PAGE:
Hopefully, Blue the Whippet and his dad will be able to chuckle about this one day, but there was nothing funny about the pup’s accidental poisoning when everything went downhill.
It began while the two were on their daily walk: Blue discovered an abandoned bag of heart-shaped ecstasy tablets and, being a normal, curious puppy, wasted no time diving into it headfirst.
Blue’s owner—unsure what they were—took the pills home to prevent anyone or anything from getting into them again, but the pup quickly developed distressing symptoms. In a matter of hours, he started foaming at the mouth, and was unable to remain steady on his feet.
Blue’s dad immediately took him to the People’s Dispensary for Sick Animals (PSDA), an organization dedicated to providing veterinary care for those in need, and he did so in the nick of time. The head nurse at the PSDA described to The Huffington Post just how horrifying the ordeal was:
[Blue had] collapsed and the toxins were causing organ failure. He was admitted and life-saving treatment was started straight away. He was put on an IV drip and received activated charcoal to absorb the toxins. Without the treatment, he would not have survived the night.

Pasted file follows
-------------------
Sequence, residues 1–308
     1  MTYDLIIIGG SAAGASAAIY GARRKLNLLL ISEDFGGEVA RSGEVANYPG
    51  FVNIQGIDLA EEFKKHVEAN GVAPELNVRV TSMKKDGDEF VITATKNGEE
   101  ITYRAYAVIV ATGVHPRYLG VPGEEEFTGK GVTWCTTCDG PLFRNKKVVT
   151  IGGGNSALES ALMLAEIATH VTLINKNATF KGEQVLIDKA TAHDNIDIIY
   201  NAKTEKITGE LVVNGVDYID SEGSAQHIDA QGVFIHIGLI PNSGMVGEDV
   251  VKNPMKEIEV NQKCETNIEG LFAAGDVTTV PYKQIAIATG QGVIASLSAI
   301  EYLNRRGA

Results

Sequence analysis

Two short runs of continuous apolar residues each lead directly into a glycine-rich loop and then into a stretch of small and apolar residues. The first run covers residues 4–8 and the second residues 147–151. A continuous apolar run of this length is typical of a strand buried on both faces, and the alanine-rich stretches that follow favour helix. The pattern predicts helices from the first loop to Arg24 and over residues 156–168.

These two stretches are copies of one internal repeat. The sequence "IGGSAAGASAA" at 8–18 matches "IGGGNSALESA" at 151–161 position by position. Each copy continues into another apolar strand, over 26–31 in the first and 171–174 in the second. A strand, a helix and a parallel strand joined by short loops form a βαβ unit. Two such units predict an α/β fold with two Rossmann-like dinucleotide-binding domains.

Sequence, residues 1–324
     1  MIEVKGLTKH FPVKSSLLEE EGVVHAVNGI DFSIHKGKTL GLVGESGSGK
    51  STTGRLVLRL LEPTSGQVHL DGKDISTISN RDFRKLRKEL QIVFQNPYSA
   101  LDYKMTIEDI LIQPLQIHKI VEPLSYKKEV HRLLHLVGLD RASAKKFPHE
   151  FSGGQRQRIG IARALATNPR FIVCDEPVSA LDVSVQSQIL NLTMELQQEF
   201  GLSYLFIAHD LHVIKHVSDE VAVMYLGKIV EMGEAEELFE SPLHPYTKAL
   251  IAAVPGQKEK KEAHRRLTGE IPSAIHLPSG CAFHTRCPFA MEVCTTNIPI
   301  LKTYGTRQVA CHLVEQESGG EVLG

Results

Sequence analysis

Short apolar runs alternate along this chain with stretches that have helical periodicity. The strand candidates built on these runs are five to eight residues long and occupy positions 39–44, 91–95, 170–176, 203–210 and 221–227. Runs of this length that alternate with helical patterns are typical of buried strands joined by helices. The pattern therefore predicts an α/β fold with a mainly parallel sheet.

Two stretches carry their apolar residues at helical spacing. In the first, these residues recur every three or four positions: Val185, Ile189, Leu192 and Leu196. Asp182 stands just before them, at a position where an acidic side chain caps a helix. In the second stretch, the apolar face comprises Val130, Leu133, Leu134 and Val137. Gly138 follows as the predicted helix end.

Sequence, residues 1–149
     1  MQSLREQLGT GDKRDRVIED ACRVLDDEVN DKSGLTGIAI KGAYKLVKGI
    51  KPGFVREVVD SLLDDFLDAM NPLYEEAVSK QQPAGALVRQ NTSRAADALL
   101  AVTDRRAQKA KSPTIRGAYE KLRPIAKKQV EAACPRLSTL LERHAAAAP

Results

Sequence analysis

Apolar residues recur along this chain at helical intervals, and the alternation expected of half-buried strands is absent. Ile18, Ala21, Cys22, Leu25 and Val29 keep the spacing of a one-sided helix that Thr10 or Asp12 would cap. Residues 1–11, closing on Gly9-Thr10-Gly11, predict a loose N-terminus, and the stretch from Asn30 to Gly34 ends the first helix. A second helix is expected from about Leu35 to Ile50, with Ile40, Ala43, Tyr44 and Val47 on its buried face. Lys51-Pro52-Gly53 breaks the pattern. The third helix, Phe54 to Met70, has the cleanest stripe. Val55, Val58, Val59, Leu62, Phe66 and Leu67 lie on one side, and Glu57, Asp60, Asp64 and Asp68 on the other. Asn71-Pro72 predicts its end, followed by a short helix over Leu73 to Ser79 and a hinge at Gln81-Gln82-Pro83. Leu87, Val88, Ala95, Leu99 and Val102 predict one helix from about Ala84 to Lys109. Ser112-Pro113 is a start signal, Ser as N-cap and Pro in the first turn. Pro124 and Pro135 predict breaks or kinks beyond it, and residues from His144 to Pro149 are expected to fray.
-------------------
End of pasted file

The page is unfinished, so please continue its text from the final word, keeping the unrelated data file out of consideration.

Blue’s story isn’t the only one in the news recently involving a dog getting into something he shouldn’t; Dwayne Johnson’s French Bulldog puppy ingested a mushroom in his backyard and sadly did not survive. It took just a few hours to destroy his system, and there was not much the vet, or Johnson, could do.
While most of us don’t have mass quantities of hallucinogenic drugs lying around, we probably have things like antifreeze, compost, and a variety of plants and fungi near our homes that may be seriously harmful.
It took a miracle to get Blue through the night unscathed—and the drugs have since been properly disposed of by police—but it serves as a lesson for us all to be extremely cautious with our surroundings. Keep a close eye on your dog on walks, at the park, and especially in your own yard.
If your pup ingests something not intended for him, don’t waste any time getting him to the vet. You can also contact the ASPCA’s 24-hour poison control hotline at (888) 426-4435 for diagnostic and treatment assistance.